Trying out Functional Programming: Episode 1

I have started looking into Functional Programming as a potential saviour of software quality in general and scalability to multi-core, multi-processor machines in specific. Much of what I have read so far suggests that Imperative and Object-oriented Programming do not work well when formal methods of quality assurance need to be applied. Beyond that there have been 30 years of nearly fruitless efforts to auto-parallelize code written in those styles.

Functional Programming seems to offer the promise of trivial support for testability and concurrency. Both of these are enabled - so far as I understand it so far - by the absolute enforcement of side-effect free code. In other words a function is guaranteed absolutely - in a mathematically provable sense - to return the same value for the same arguments. This makes 100% test coverage possible in theory, and rock-solid range of expected input testing easy.

An imperative or OO program confounds even range of input testing since unrelated function calls can influence the output of the unit being tested. In the ideal OO program, good programming practice would suggest that this would not be the case, but in practice developers take short cuts to meet deadlines and the create cross-module stateful interactions for convenience reasons. In the ideal OO case you could test a module assuming that the output of a function can only be altered by other function calls to the module. That's the best case: a guarantee of needing to do stateful testing at the module level. At best that is substantially more complicated that testing individually idempotent functions. Functional Programming makes the functions the units and thus greatly simplifies the testing effort.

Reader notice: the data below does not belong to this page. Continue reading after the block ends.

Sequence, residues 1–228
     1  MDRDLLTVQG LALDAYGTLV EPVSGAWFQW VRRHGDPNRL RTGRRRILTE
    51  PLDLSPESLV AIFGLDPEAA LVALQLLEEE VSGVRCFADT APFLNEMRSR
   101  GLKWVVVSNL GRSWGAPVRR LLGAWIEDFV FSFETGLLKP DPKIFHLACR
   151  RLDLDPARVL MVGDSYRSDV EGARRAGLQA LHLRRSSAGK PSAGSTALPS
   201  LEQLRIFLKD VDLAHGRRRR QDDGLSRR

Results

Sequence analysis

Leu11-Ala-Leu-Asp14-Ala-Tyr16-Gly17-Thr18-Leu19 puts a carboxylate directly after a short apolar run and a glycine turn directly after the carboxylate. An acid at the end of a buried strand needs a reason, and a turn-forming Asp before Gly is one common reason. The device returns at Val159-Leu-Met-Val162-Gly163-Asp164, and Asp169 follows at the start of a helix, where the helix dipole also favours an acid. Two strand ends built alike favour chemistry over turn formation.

Automatic Concurrency is made possible because the standalone nature of functions makes it possible to trivially distribute them. A smart compiler is able to leave a program semantically unchanged while automatically determining and distributing the independent function calls across processors or cores. I am in way over my head as far as the theory goes here, but the idea of writing a program in a form that describes what I want and letting the compiler do the work to achieve it is very compelling.

For learning purposes I am focussing on Haskell, since it has a great tutorial , a decently large user base, and is a pure functional language. As I keep digging in on Haskell I will post my thoughts. Stay tuned…